There will be a final performance at the Potato Shed where Darcy and Luke will present their final exam pieces, and everyone is welcome to attend. Luke wants to continue his music pathway by undertaking a Sound Engineering course in 2020 at either Melbourne Polytechnic or Collarts Music College. In 2020, Darcy is planning to study Music Business Management or Sound Engineering at either JMC or Melbourne Polytechnic.
Darcy and Luke acknowledged that the flexible Victorian Certificate of Applied Learning (VCAL) programme gave them the necessary skills and knowledge to undertake future studies in music composition and sound engineering. I’m sure we’ll see them both perform at such events like Splender in the Grass and the Queenscliff Music Festival in years to come.
Ms Kirsty Allan VCAL Coordinator
On Tuesday 16th July, all Year 11 students attended a full day workshop titled the ‘Day of Hope”. Students participated fully in embracing the information presented. An outline of the day follows.
Young people are living and inheriting an increasingly complex world – socially, environmentally and politically. It’s a world that causes many to flounder – drifting away from their true identity, forgetting their purpose, and being blinded by societal pressures and fears.
Day of Hope provides knowledge and understanding that form the foundation on which students can build a hope filled future. It develops an understanding of the effects that external influences and personal cognitions have on the individual. By encouraging critical thinking, Glen provokes students to counteract negativity and make informed, healthy choices.
There are three modules in this seminar:
The Power of Purpose encourages students to consider and take decisive action on who they are, why they are here and where they are going.
Jailbreak explores how to change limiting beliefs or paradigms to maximise success for the individual and the team.
Unstoppable teaches the power of stretching yourself to be able to be all that you were created to be.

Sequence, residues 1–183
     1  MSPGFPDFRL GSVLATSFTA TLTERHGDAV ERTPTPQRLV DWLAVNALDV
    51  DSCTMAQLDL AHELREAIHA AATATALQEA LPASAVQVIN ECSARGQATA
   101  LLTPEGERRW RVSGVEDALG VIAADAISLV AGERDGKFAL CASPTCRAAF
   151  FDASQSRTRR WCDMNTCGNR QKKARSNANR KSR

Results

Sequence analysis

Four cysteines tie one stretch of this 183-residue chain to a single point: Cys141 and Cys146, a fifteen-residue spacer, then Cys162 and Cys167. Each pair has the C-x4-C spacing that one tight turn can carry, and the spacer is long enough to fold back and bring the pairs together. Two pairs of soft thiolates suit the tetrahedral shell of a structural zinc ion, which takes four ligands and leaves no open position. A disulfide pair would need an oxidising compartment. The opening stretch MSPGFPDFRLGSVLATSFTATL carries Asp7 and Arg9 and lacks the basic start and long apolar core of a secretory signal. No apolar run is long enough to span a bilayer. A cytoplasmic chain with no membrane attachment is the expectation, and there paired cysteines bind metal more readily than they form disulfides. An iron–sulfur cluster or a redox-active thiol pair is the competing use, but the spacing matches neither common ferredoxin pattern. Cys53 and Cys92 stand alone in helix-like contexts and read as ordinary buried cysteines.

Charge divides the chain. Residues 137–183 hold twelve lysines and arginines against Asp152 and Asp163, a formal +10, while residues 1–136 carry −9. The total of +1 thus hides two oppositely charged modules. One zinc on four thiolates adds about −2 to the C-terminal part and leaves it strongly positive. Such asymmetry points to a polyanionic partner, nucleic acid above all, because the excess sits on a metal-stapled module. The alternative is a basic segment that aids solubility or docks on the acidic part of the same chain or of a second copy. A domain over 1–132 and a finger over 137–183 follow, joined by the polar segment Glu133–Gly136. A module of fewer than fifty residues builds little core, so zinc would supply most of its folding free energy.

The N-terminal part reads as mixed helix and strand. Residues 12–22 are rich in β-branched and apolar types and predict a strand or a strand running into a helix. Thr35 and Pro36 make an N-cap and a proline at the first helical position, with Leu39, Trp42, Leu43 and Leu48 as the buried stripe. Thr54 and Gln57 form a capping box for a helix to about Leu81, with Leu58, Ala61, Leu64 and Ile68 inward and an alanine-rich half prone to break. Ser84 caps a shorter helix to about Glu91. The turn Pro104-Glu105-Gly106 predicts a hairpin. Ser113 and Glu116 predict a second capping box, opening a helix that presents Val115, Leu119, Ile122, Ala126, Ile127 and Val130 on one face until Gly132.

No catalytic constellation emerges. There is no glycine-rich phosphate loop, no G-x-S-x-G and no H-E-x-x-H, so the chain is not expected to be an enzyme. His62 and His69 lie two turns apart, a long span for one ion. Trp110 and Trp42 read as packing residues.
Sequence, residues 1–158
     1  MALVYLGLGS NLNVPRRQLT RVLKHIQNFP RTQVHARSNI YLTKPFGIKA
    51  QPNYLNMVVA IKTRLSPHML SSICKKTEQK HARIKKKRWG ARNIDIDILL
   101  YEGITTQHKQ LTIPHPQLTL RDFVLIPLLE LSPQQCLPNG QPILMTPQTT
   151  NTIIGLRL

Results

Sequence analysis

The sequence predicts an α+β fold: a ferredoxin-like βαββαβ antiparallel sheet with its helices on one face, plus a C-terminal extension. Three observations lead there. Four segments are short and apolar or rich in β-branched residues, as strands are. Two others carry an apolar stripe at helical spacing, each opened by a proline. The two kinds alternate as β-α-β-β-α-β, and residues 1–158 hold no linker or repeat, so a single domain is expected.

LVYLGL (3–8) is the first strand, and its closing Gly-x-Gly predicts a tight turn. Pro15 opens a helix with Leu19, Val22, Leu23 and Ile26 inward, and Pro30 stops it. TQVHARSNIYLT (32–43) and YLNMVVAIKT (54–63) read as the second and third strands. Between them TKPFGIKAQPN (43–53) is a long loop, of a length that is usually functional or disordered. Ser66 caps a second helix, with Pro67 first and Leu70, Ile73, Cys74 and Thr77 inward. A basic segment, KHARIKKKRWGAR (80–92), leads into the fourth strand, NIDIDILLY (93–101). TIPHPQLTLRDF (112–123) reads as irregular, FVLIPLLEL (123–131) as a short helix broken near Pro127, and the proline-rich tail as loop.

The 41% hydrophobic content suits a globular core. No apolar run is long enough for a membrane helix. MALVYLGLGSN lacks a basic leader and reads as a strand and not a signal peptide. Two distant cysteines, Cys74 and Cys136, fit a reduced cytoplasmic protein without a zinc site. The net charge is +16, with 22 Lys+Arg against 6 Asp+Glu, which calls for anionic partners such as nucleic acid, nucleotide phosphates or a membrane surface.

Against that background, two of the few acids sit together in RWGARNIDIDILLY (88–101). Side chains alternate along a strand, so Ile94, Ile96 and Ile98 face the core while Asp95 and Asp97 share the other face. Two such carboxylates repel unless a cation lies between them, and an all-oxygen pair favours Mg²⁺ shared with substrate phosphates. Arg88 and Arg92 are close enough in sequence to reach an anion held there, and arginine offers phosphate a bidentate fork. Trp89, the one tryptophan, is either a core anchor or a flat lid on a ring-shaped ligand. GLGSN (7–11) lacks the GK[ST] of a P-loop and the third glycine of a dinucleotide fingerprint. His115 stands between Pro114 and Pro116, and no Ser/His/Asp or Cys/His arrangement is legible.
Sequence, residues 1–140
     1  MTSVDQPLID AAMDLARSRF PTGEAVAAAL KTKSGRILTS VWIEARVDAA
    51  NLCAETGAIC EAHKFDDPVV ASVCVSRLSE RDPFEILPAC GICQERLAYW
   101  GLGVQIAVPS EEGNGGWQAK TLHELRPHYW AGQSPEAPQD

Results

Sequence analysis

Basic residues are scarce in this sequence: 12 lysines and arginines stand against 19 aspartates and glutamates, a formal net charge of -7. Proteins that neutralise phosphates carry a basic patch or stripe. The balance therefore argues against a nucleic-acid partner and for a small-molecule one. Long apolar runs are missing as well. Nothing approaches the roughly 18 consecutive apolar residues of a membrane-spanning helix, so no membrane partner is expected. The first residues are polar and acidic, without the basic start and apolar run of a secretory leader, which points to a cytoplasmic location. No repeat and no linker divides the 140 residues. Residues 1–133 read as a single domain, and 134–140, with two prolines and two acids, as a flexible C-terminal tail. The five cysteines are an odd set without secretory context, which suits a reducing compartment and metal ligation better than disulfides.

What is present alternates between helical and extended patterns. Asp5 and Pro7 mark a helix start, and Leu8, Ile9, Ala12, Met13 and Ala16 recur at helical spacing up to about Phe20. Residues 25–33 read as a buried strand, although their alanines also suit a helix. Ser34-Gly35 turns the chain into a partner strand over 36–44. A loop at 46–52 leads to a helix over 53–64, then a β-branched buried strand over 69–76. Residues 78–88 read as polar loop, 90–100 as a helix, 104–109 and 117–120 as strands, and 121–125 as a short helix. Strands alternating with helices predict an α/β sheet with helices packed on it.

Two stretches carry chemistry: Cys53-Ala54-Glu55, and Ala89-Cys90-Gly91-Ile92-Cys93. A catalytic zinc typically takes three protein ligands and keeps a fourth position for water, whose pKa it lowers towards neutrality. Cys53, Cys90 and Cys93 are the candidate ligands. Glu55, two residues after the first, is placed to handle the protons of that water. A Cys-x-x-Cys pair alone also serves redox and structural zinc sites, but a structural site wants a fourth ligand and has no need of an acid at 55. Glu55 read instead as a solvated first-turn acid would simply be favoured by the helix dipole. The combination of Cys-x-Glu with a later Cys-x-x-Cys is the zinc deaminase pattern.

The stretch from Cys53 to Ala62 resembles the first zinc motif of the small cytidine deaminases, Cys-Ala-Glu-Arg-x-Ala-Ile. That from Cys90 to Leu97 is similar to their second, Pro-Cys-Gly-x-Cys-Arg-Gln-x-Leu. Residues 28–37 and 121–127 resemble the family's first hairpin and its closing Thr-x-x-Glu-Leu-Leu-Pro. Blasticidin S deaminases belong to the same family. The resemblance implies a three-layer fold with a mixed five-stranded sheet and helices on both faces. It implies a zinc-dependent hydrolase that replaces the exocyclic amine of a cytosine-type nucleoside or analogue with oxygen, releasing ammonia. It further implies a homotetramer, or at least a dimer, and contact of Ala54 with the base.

These sessions provide students with tools and strategies to overcome the times when it seems as though everything is against them, so they can make their dreams a reality.
Ms Kristin Williamson Year level Coordinator: Year 11
Over the recent school holidays students from eight of the Jesuit and Companion schools in Australia participated in the annual two week JACSA Timor Leste Immersion. The students were accompanied by Joshua Allen (Saint Ignatius’ College, Riverview), Justine Bell (Loyola College, Watsonia) and Alicia Deak (Saint Ignatius College, Geelong) and visited the Jesuit communities outside of Dili in Kasait and Railaco.
Saint Ignatius College Geelong supports the works of Jesuit Mission in Timor Leste including the two schools in Kasait and Railaco. This immersion facilitated an opportunity for students from Australia to deepen their understanding of the people of Timor Leste and their history, as well as develop friendships with those communities that we support. The students also gained an appreciation for the Jesuit network that they belong to as well as the gift that Ignatian Spirituality, discernment and reflection is to our daily lives.
Hannah Lace and Jessica Breckon represented the College on this immersion and share their experiences below:
“I am so grateful that our school offers this immersion that is truly a once in a life time opportunity. From the immersion I was able to develop myself as a person by learning from the Timorese. I felt as though I gained so much more from the Timorese than they gained from myself. During the immersion I learned so much more about the Jesuits and the work they do and just how large the Jesuit community truly is and how it is such a connection that brings people, communities and countries close together as one.”